Many companies have fallen victim to cyber attacks. (Photo: Yingyaipumi – stock.adobe.com)
Cybersecurity has now become a serious problem for industry. According to VDMA, ransomware attacks sometimes cost companies over a million euros a day. Production often has to stand still for up to eight weeks after such an attack. meet in the process Such attacks target not only companies that have not taken any security measures, but also companies that have an existing cybersecurity infrastructure.
In a recent survey by the Bavarian Business Association and IW Cologne, 30 percent of those polled said cybercrime was a serious threat. This puts cyber attacks on a par with the pandemic (33%). Only the availability of raw materials (36 percent), an increase in structural costs (42 percent) and the failure of critical infrastructure (46 percent) are seen by more companies as a risk.
This week, Interior Minister Nancy Faeser unveiled the cybersecurity agenda. We will explain to you what it is all about and how industry and business reacted to it.
This is behind the cybersecurity agenda
Faeser proposed an amendment to the Basic Law. The reason: at the moment, responsibility for cybersecurity still rests with the Länder. The Federal Information Security Authority (BSI) could only provide “administrative assistance”. That should change now. Faeser would like BSI to become the focal point in the fight against cyber attacks. The purpose of the agenda is to create an efficient and clear division of tasks in the cybersecurity architecture. The Federal Interior Minister explained when presenting her plans that the Länder were overwhelmed by this task in the long run. Amending the Basic Law requires a two-thirds majority. This means that the traffic light coalition would also need votes from the opposition.
He also wants to make some changes and modernization. For example, a central videoconferencing system for the federal administration is to be introduced, meeting the highest security requirements.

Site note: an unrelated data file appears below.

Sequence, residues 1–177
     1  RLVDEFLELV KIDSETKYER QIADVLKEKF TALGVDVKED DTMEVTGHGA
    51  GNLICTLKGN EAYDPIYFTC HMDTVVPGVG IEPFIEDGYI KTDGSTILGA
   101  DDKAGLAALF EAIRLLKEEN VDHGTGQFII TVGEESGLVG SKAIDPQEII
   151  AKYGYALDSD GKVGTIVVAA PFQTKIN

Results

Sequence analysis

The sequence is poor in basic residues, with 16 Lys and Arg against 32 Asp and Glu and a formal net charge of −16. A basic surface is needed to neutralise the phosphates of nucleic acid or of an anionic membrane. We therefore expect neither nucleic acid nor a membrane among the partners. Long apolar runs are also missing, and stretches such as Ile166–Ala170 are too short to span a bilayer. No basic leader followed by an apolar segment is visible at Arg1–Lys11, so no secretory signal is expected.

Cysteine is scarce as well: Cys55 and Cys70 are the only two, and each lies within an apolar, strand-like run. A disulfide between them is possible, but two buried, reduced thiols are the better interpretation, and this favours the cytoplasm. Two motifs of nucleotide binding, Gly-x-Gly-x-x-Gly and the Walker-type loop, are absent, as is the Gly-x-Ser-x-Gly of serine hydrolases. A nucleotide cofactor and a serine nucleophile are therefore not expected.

Important for the industry: A platform for the exchange of information on cyber attacks for companies is to be created at BSI. In addition, investments in the so-called Cyber resilience measures are to be promoted in small and medium-sized enterprises if they belong to “critical infrastructure” – ie in sectors such as transport, food, health, energy and water supply.
VDMA calls for more support in supply chains
VDMA is disappointed with the presentation of the cybersecurity agenda. While the threat to industrial SMEs is high, there is often a lack of adequate support from responsible authorities, especially the Federal Office of Information Security (BSI), led by the Ministry of the Interior, says Claus Oetter, managing director of VDMA Software and Digitalization in a press release. The association complains that the federal police work structure also makes it difficult to fight cybercriminals.
Therefore, VDMA counted primarily on wider support and promotion of resilience in the supply chain. “Unfortunately, the agenda fails to meet this requirement,” said Oetter.
First of all, the association strongly criticizes the interpretation of who belongs to the critical infrastructure. In the past, VDMA member firms were denied support on the grounds that they were not operators of critical infrastructure. VDMA explains: “It is the machine and plant manufacturers whose products and services are essential to critical services – drinking water, electricity or heat supply.”